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Asteroid impacts on Earth are random

Calculating when asteroid impacts on Earth will occur on the basis of a particular frequency is not possible, as they are completely random. This has been shown in a new study by researchers at Lund University in Sweden and the Swiss Federal Institute of Technology in Zurich. The interest in calculating time is partly due to the fact that the impacts could lead to mass extinctions on our planet.
Asteroids
Asteroids

For several decades, researchers have debated the frequency, or periodicity, of large asteroid impacts on Earth, and the link between them and mass extinctions on our planet. A study from 2015 proposes a periodicity of 26 million years. One explanation for the proposed periodicity is a “companion star” to the sun, called Nemesis. It was suggested that Nemesis approached the sun with a periodicity of 26 million years, causing an increased inflow of asteroids to Earth.

“In our study, we can see that asteroid impacts on Earth do not occur with a periodic interval of 26 million years, or any other time period for that matter”, says Sanna Alwmark, geologist at the Faculty of Science at Lund University.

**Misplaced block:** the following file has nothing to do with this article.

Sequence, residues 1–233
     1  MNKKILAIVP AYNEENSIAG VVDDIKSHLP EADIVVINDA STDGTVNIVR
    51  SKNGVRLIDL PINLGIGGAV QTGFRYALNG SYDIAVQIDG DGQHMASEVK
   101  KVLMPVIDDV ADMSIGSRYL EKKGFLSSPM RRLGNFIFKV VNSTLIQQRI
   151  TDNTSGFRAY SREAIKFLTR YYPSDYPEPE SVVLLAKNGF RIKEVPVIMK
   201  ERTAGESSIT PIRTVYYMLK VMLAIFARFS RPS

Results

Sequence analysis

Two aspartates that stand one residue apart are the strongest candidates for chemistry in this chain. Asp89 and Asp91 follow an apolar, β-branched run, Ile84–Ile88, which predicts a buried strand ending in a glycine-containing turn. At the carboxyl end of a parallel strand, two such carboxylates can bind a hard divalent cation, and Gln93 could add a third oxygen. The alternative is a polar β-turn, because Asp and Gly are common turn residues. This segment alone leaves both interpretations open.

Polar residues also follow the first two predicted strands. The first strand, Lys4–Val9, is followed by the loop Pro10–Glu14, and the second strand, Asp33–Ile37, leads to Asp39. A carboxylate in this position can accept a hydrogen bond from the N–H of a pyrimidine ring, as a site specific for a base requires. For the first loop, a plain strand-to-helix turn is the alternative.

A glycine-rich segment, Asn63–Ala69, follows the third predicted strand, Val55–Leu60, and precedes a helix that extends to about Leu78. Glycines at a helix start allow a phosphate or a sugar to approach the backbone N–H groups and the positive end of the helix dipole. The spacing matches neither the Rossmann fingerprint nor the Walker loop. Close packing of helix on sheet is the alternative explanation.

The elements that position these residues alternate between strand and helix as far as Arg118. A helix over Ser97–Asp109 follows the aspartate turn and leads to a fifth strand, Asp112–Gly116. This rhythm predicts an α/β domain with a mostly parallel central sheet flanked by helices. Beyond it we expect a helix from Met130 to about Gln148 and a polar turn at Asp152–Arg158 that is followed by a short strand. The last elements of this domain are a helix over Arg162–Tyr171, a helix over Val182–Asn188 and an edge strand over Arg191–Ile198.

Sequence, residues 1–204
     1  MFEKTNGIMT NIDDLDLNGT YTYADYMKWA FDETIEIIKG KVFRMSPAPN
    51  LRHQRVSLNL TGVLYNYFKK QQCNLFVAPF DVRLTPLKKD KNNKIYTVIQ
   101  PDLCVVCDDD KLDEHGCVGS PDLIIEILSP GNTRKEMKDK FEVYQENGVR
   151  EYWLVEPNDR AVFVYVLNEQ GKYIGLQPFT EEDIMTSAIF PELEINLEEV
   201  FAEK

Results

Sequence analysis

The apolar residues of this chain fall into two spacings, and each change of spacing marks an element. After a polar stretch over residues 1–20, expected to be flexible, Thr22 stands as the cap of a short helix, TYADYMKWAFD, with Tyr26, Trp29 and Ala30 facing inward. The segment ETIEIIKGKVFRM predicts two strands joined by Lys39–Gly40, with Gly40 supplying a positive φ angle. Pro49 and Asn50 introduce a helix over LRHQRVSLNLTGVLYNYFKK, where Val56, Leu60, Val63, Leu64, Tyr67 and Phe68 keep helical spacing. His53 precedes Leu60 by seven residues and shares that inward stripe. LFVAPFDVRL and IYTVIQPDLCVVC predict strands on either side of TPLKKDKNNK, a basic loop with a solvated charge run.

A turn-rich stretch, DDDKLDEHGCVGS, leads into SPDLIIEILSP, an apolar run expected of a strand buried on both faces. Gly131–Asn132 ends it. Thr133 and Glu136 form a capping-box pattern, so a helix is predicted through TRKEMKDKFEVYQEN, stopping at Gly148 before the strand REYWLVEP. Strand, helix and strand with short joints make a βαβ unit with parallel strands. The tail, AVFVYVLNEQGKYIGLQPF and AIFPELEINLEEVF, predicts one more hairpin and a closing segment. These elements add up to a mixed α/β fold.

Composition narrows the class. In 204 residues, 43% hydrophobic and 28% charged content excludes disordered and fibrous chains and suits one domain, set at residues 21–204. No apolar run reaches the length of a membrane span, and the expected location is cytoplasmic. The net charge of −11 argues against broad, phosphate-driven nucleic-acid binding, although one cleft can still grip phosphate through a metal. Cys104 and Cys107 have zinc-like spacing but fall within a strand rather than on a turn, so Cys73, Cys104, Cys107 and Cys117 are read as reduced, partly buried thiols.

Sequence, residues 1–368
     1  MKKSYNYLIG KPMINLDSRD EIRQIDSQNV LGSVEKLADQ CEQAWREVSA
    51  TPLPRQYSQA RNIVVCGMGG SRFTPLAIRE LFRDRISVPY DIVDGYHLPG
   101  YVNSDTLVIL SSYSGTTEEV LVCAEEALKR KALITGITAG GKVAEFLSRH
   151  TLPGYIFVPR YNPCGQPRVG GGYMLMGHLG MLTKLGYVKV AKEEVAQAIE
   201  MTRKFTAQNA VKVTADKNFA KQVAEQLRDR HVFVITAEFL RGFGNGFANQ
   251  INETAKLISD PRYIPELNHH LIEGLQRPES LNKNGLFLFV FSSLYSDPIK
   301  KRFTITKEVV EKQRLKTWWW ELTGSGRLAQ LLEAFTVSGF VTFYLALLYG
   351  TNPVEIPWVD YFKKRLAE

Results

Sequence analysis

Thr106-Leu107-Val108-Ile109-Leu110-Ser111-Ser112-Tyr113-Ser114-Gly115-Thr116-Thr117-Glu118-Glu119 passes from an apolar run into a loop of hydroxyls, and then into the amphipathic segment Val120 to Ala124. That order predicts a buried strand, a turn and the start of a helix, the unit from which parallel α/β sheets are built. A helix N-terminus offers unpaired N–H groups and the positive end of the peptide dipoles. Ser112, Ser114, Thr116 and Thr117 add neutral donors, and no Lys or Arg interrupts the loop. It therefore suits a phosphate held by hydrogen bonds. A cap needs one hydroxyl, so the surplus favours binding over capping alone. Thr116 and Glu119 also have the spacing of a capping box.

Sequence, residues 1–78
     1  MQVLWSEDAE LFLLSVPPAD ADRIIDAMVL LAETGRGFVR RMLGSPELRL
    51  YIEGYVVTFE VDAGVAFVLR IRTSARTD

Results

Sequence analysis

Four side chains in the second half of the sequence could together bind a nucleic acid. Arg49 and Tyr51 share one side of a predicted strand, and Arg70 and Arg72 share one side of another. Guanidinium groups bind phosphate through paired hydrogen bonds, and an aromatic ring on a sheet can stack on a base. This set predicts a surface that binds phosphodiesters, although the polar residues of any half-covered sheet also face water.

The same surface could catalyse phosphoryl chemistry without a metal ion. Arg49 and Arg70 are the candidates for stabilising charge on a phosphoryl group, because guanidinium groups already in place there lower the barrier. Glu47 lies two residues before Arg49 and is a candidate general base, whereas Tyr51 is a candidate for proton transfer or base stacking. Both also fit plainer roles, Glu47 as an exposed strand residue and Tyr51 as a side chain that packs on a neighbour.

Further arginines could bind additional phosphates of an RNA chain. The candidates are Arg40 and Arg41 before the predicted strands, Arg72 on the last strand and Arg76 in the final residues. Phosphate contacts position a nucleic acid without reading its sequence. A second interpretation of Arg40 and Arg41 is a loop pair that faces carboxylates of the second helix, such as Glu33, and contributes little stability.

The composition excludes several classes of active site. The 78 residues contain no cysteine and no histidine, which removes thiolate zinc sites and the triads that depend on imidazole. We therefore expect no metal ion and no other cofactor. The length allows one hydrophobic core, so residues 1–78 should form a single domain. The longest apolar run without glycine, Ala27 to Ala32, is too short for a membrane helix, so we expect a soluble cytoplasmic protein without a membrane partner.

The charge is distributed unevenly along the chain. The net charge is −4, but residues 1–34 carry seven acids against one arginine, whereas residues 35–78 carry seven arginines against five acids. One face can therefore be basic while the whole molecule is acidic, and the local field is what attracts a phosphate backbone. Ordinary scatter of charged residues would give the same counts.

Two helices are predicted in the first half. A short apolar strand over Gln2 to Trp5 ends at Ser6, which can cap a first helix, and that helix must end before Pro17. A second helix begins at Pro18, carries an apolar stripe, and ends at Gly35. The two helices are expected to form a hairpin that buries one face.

In their study, the researchers have applied a statistical method of analysis based on a database of impact craters with precise ages, where the craters on Earth were formed within the last 500 million years. The method makes it possible to see whether the impacts on Earth have occurred at a particular frequency or at random.

“Our study also shows that the conclusions in the study from 2015 were drawn on the basis of impact craters for which the age had not been determined with sufficient precision. Furthermore, Nemesis – the star behind the theory – has never been found”, says Sanna Alwmark.

The occurrence of so-called cluster, or merger, impacts which form craters of almost the same age may be what led to the previous assumptions. Some of these craters, however, may have formed simultaneously, for instance, from the impact of asteroids with moons on Earth.

“According to the Nemesis theory, the next major impact, and perhaps mass extinction, will take place 10 million years from now, but based on asteroid impact, this is highly unlikely”, says Sanna Alwmark.

The present study is published in the scientific journal Monthly Notices of the Royal Astronomical Society.

 

Text: Dragana Trivic

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